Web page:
KYOTERA: Ministry of Health Officials and partners led by the Minister Dr. Jane Ruth Aceng on Friday, 24th March 2023 travelled to Kyotera District to assess the readiness and preparedness at Mutukula border point in screening and identifying Marburg cases following the confirmation of Marburg in Tanzania.
On 21 March 2023, the Ministry of Health (MoH) of the United Republic of Tanzania declared an outbreak of Marburg virus disease (MVD) in the country.
As of 22 March, a total of eight cases, including five deaths (case fatality ratio [CFR]: 62.5%) had been reported from two villages in Bukoba district, Kagera region, Northern United Republic of Tanzania bordering Kyotera District of Uganda. Two of these cases were healthcare workers, one of whom had died. This is the first ever Marburg virus disease outbreak reported in the country
The Minister of Health Dr. Jane Ruth Aceng said they are going to embark on training Health workers in all aspects with special emphasis on surveillance infection prevention and control, case management on psychosocial support and other areas that require training.
“We are going to put emphasis on 5 districts bordering with Northern Tanzania. Our teams are on ground and intensifying preparedness to prevent importation of the virus.” Dr. Ruth Aceng said.
The Minister of Health Dr. Ruth Aceng and the team also inspected Mutukula border post and urged health workers to take precautions when dealing with travelers following Marburg outbreak at Tanzania border
Dr. Daniel Kyabayinze, a Clinical Epidemiologist and an expert in Surveillance, Research, diagnostics, Quality of Care, Health Emergencies & Response at the Ministry of health said the Ministry and Kyotera District are going to put in place a screening laboratory to identify Marburg cases at the border point instead of taking the samples to Kampala or Entebbe.
Kyotera Resident District Commissioner Mr. Apollo Mugume asked residents and travellers to abide by the ministry of Health regulations and restrictions to avoid getting infected with the disease.
The Kyotera District LC5 boss Mr. Patrick Kintu Kisekulo asked the government to provide the district with necessary equipment which can easily screen body temperatures.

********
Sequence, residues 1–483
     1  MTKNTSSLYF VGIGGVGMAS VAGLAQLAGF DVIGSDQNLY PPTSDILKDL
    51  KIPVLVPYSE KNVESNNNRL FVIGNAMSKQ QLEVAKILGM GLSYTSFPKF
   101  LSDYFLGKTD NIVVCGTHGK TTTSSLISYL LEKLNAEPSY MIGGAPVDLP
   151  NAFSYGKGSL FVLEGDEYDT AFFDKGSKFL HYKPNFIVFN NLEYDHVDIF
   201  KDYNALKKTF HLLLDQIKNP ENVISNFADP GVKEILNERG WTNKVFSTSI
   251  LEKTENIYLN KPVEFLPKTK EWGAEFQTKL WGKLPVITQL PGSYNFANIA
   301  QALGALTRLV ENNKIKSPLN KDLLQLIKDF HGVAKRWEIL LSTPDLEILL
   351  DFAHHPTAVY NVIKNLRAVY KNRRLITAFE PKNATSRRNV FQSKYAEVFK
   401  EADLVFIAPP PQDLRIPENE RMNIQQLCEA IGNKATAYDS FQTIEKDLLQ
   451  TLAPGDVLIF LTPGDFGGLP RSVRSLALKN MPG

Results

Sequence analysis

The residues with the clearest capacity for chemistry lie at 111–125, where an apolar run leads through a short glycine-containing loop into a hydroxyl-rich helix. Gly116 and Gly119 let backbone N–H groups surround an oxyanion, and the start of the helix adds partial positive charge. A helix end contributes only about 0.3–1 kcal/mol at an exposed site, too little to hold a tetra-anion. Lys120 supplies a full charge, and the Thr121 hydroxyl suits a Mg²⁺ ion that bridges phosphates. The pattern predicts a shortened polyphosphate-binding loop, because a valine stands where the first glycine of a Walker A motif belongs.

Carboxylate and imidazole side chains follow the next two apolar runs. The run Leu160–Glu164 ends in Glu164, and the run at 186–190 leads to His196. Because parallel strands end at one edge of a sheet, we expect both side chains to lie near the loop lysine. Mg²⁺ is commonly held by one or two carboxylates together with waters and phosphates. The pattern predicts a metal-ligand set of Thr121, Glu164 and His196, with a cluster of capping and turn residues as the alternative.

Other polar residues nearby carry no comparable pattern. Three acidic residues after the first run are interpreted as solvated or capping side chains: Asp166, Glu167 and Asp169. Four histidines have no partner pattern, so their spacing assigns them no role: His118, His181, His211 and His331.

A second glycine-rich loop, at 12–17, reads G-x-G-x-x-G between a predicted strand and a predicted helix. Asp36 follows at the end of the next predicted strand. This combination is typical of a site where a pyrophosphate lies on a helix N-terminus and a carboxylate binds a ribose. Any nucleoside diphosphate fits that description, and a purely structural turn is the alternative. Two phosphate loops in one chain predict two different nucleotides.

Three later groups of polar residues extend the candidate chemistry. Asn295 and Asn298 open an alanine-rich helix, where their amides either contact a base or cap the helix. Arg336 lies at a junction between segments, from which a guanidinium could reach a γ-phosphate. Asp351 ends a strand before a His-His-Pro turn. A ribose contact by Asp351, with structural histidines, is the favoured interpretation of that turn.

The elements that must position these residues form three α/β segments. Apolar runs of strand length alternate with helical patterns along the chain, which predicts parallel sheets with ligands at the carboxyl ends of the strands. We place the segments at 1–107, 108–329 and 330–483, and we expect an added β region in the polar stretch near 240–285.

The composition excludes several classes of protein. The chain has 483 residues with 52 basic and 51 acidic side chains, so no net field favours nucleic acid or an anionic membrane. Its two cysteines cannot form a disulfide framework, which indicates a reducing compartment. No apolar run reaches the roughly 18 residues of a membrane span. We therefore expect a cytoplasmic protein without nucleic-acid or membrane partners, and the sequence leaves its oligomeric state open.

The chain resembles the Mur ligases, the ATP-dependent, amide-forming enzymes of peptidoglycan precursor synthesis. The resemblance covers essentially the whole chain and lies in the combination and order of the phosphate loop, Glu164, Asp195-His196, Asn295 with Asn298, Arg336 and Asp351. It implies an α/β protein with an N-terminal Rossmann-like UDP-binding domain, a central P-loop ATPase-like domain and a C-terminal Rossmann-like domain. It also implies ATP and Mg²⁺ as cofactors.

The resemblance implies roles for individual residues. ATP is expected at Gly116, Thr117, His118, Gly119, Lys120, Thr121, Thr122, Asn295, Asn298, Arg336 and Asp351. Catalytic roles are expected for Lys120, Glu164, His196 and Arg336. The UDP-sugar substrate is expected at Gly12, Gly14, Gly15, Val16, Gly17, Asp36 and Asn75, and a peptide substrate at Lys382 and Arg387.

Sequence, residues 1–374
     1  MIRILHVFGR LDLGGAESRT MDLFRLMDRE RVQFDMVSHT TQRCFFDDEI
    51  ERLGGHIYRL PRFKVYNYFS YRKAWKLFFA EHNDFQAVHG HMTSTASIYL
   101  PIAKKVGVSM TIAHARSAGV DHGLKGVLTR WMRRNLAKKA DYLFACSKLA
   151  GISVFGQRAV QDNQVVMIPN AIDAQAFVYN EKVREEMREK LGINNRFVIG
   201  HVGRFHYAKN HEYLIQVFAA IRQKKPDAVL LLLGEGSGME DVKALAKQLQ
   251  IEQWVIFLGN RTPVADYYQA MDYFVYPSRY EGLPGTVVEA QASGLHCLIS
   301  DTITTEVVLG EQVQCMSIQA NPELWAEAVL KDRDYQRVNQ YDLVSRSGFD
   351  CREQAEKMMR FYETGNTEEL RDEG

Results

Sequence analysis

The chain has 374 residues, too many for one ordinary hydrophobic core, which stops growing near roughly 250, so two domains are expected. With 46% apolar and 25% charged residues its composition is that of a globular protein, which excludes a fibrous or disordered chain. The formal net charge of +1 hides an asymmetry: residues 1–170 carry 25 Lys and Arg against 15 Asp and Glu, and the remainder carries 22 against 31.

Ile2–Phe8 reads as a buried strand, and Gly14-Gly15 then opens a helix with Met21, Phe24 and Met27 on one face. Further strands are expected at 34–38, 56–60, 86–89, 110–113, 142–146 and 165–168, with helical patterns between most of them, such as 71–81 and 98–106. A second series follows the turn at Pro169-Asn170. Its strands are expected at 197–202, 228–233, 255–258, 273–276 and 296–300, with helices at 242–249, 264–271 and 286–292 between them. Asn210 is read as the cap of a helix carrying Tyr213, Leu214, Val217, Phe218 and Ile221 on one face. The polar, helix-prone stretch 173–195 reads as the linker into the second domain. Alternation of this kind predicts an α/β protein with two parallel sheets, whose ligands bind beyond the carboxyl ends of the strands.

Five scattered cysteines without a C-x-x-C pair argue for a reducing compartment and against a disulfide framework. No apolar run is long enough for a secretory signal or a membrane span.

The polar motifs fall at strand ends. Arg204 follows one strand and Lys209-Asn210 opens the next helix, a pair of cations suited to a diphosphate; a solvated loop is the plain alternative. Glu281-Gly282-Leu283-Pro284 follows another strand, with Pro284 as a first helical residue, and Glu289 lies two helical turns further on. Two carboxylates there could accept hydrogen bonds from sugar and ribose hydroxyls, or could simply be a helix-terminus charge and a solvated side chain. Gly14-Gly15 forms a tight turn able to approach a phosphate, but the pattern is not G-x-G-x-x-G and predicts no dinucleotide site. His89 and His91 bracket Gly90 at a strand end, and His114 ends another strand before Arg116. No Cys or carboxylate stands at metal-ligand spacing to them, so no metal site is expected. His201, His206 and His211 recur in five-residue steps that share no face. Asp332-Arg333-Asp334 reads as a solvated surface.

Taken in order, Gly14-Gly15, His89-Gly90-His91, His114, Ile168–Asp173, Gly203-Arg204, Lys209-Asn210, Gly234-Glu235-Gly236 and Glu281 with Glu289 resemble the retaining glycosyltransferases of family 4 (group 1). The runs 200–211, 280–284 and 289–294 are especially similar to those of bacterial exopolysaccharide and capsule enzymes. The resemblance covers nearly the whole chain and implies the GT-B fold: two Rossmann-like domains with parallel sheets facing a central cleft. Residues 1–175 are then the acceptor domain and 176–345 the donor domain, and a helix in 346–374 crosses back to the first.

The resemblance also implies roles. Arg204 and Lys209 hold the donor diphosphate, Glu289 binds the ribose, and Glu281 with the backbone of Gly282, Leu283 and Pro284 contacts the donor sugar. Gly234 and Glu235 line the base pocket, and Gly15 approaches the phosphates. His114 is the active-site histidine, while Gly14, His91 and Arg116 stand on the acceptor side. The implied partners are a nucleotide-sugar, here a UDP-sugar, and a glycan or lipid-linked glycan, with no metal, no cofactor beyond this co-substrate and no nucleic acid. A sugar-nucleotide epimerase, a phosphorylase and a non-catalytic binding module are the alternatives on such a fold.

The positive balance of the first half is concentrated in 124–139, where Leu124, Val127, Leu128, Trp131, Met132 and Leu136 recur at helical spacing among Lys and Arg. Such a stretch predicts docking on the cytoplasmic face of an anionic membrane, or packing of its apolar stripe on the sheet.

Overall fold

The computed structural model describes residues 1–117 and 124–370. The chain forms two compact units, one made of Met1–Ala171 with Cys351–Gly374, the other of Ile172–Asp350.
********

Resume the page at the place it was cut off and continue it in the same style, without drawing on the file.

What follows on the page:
Residents urged government to think about the Mutukula-Kyotera-Masaka road because its current poor state cannot allow the district to handle emergency cases to Masaka Regional Referral Hospital and also find ways of mitigating the spread of the disease in Uganda to avoid consequences just like it was during the Covid-19 period.
Marburg virus disease is an epidemic-prone disease associated with high case-fatality rates (CFR 24-90%). It is caused by the same family of viruses (Filoviridae) as Ebola virus disease and is clinically similar. The current CFR for this outbreak is relatively high, at 62.5%.
Marburg virus infection often results from prolonged exposure to mines or caves inhabited by Rousettus bat colonies. Once an individual is infected with the virus, it can spread through human-to-human transmission via direct contact with the blood, secretions or other body fluids of infected or deceased people. Healthcare workers have previously been infected while treating patients with suspected or confirmed MVD. Burial ceremonies that involve direct contact with the body of the deceased can also contribute to the transmission of Marburg.
The incubation period varies from two to 21 days. Illness caused by Marburg virus begins abruptly, with high fever, severe headache, and severe malaise. Severe watery diarrhoea, abdominal pain and cramping, nausea, and vomiting can begin around the third day. Severe hemorrhagic manifestations may appear between five and seven days from symptom onset, and fatal cases usually have some form of bleeding, often from multiple areas. In fatal cases, death occurs most often between eight and nine days after symptom onset, usually preceded by severe blood loss and shock.
Clinical diagnosis of MVD is difficult in the early phase as symptoms are similar to other febrile illnesses. The differential diagnosis for MVD may include other filovirus diseases, Lassa fever, malaria, typhoid fever, dengue, rickettsia infections, leptospirosis and plague.